Joe Harris: Knowing When to Slow Down
Published on January 30th, 2016
Aboard his Class40 GryphonSolo2, American Joe Harris departed Newport (RI) on November 15 in a bid to break the 40 Foot Monohull Solo Non-Stop Round the World Record. That plan, however, got derailed when a stop in Cape Town was needed for repairs to his energy systems. Here’s an update from Joe on January 30…
As I approach both Cape Leeuwin, Australia and the chronological estimated half-way point of the journey on Monday Feb 1 (Day 67), I am also facing a building gale right in front of me. I was first warned of this yesterday by Commanders Weather who advised me to “Slow Down!” so that the storm would have time to weaken before I got to it.
I was initially bummed at this advice because I was going along very fast – say 10-13k – with surfs up into the higher teens – and was gobbling up the mileage. However, when I sat down at my nav table and pulled down a 4-day GRIB weather file and saw the storm, I quickly realized what they were talking about and the wisdom of their advice. Thank goodness for their “eyes in the sky” broader vision of the weather world- I am very lucky to have them looking out for me.
So I took down the staysail this morning and put up the orange storm jib for the first time in a long time and tucked the third reef into the mainsail and slowed the boat to about 7.5k. When I run my routing now at 50% of normal expected speed, it shows the worst of the storm (i.e. winds of 50 knots or greater) blowing itself out just before I get to it, so I am looking at 35 to 40k instead of 50-plus. Huge difference. Really hope that is the case.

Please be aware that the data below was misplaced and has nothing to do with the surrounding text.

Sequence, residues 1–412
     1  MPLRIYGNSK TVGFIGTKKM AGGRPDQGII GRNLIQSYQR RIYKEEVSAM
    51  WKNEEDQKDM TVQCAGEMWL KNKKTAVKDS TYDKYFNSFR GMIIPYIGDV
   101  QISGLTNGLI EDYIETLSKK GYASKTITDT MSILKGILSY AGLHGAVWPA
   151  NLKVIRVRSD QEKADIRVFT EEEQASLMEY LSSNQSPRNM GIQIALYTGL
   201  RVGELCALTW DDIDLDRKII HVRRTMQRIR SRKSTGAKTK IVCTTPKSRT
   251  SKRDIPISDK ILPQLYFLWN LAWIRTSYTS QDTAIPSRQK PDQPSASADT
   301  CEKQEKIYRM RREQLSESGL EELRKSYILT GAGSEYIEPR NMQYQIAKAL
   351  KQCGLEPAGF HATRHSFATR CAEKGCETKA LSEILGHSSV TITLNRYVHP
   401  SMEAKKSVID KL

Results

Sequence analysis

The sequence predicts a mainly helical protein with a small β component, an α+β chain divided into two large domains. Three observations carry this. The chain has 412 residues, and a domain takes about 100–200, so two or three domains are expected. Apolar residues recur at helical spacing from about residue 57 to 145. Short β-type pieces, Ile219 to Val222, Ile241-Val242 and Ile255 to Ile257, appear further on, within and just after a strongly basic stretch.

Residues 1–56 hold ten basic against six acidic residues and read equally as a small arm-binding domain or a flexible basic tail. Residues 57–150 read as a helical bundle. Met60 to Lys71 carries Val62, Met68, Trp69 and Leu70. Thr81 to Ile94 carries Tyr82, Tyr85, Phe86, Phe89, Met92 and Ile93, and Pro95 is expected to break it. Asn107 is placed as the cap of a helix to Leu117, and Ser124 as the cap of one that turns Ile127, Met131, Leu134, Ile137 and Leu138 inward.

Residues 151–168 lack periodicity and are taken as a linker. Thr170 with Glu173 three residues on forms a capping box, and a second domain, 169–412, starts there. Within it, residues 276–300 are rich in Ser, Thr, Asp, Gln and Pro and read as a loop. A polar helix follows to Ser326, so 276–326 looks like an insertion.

So now I am holed up in the cabin for the next two days as it is already blowing 30k and will continue to do so for the next 48 hours. So lots of reading, drinking hot tea, and anxiously looking out the cabin windows as the seas build and we get bashed around by the waves. Squalls roll through periodically and the wind increases and a driving, pelting rain falls, which makes it feel like you are going through the car wash having punched the “deluxe clean” option.
I suit up in my foul weather gear every 2 or 3 hours and go out to check on everything, trim the sails, raise or lower the hydro-generators and do a few exercises to get warm and relieve the cabin fever. It is an interesting existence. I am reading a good book called, “All the Light We Cannot See” about World War 2 in Germany and the occupation of France, and one of the characters tells of being shut inside a house for four months in occupied St. Malo, hiding from the Germans. So I guess things could be worse…
So I hope you all are getting outside and enjoying the snow (if you have some) and getting some exercise. My time is steadily improving in the 40 foot dash from the bow to the stern, but I could use a little more runway! I will report again once the storm passes on Monday night.
Background: As a result of Joe’s 11-day detour to Cape Town (Dec 28-Jan 8), Joe will no longer be able to officially break the existing non-stop record of 137 days, 20 hours, 01 minute, 57 seconds – set by Chinese sailor Guo Chuan in 2013. However, he remains hopeful to unofficially better the mark. Website: www.gryphonsolo2.com